Operation Santa Claus helps families of addicts through healing process
It was not so long ago Lam Chi-ho could hardly hold a pair of scissors steady as a hairdresser.
Lam had been abusing drugs such as cough syrup and Ice since he was 15. Three years ago, he realised he was addicted. It was at Operation Dawn that Lam, now 38, found his saving grace.
He spent nine months with the centre on a remote Sai Kung island, where he studied the Bible and learned life skills under a strict regime with other recovering addicts. He emerged liberated from drugs and armed with a licence in driving pleasure crafts and certification from the Hong Kong Life Saving Society.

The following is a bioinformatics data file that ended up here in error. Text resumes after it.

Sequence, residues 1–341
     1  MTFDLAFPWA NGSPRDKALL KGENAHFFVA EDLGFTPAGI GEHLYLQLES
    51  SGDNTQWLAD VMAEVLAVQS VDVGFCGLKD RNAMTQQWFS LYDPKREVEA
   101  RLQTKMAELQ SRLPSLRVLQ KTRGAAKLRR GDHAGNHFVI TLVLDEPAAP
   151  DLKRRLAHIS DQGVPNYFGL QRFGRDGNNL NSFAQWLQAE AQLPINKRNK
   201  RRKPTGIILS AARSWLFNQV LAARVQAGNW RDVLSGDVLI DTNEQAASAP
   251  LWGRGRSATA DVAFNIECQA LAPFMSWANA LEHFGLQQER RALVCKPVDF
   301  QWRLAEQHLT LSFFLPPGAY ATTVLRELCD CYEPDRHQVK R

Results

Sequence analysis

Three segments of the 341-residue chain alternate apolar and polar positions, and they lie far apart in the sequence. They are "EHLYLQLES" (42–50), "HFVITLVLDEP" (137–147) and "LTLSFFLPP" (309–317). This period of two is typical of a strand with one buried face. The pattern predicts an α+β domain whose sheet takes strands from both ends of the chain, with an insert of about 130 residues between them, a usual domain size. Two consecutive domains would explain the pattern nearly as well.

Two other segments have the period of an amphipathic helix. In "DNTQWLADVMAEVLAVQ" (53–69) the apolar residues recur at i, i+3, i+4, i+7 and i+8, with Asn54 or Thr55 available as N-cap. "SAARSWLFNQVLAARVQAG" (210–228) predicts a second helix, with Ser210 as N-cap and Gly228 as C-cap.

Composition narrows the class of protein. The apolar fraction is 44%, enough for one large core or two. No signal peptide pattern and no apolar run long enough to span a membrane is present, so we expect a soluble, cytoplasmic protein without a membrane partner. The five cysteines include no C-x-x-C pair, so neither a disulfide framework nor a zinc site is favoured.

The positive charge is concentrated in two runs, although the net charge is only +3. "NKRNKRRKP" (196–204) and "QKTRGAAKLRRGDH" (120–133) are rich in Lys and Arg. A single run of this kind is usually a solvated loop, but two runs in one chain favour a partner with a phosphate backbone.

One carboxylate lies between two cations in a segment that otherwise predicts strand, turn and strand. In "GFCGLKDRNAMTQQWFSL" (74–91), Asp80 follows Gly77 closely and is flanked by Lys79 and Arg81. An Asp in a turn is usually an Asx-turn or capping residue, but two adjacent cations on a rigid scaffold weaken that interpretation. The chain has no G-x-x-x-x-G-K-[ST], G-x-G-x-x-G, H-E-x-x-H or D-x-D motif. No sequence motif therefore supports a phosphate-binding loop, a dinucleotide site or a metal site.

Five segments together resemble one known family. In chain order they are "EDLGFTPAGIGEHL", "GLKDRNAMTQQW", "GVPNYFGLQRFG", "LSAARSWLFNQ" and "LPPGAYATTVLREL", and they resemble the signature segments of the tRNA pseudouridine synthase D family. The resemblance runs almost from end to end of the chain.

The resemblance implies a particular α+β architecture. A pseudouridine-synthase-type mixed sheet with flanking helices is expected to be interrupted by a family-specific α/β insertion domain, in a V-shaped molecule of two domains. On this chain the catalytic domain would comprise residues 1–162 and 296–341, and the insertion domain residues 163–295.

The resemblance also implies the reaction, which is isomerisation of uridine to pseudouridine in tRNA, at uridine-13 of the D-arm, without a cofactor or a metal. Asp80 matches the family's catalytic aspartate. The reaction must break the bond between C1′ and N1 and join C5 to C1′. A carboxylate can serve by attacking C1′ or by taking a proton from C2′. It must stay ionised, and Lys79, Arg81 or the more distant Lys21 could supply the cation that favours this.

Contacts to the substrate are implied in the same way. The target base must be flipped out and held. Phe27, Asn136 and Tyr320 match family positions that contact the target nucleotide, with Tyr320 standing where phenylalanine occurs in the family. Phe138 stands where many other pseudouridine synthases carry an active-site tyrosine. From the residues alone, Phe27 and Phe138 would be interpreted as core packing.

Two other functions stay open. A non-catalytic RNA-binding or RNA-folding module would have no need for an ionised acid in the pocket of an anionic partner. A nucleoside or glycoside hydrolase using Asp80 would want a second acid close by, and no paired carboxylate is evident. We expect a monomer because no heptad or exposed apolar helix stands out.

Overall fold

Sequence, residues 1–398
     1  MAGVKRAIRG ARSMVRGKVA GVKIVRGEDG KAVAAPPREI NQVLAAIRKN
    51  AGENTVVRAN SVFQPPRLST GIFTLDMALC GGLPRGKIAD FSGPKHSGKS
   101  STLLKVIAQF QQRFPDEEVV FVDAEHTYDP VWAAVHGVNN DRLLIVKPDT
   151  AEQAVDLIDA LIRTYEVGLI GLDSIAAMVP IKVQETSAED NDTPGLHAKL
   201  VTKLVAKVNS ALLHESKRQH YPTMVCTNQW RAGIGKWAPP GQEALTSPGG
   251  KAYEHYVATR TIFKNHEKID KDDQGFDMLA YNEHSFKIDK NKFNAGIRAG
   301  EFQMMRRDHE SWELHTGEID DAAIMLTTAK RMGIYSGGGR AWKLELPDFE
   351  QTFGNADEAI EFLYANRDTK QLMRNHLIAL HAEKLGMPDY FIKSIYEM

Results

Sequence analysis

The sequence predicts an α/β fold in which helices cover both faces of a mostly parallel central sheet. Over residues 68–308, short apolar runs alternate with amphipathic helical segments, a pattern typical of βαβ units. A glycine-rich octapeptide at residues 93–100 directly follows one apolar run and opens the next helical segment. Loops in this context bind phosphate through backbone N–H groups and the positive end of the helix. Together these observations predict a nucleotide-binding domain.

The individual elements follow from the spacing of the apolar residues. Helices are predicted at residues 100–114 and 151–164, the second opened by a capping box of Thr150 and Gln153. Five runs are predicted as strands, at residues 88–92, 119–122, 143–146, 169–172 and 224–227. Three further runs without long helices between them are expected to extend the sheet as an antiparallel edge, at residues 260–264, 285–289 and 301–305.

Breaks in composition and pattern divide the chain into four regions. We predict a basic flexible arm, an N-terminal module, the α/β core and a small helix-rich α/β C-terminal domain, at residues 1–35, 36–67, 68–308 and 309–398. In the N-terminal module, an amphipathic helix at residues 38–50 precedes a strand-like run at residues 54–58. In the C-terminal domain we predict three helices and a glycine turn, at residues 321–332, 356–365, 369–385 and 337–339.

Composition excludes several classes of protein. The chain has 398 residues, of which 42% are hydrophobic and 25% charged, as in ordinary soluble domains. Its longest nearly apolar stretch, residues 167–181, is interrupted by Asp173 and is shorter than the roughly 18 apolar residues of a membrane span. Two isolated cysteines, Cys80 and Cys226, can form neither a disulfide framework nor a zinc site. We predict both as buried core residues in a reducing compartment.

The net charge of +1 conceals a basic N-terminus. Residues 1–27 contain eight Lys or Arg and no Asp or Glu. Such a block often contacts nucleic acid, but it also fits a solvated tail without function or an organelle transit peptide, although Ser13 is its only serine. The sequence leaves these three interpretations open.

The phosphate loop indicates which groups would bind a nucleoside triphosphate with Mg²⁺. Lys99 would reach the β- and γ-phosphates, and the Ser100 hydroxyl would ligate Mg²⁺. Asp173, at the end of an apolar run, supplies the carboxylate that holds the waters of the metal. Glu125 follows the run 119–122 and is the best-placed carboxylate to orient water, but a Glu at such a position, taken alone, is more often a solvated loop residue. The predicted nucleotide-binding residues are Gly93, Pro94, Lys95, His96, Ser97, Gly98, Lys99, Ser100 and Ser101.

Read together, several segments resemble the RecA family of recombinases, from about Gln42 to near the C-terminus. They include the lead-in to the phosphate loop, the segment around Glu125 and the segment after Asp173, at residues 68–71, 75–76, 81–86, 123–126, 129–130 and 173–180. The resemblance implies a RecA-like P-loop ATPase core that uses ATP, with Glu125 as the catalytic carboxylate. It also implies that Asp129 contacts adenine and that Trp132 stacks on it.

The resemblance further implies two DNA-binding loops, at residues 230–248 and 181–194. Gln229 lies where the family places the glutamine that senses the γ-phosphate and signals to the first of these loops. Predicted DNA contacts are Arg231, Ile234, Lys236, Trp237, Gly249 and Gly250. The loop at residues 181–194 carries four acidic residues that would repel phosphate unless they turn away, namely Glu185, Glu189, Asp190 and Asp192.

The person most relieved to see his recovery was his mother, Agnes. She recalled how the drugs had rendered her son unrecognisable. "When I was alone at home with him and his addiction would kick in, he would cease to be a human," she said. "I would be terrified."
Her fears are gone. Now, Lam is a Christian and works with the centre on the island.
Operation Dawn, which has been directly helping addicts, will turn its attention to helping their families heal with money raised from Operation Santa Claus, jointly organised by the South China Morning Post and RTHK.
General secretary Mamre Lilian Yeh said the funds would be used to hire a clinical psychologist to run workshops for 50 families over two years. "Other drug rehabilitation programmes often neglect the families, but they are deeply affected by the ordeal, too. And if our students' families don't recover, then the students could be dragged down again," Yeh said. "Lots of parents have told me they would rather see their child die so they don't have to feel ashamed any more. That's when you realise how heavy and complicated their emotions are."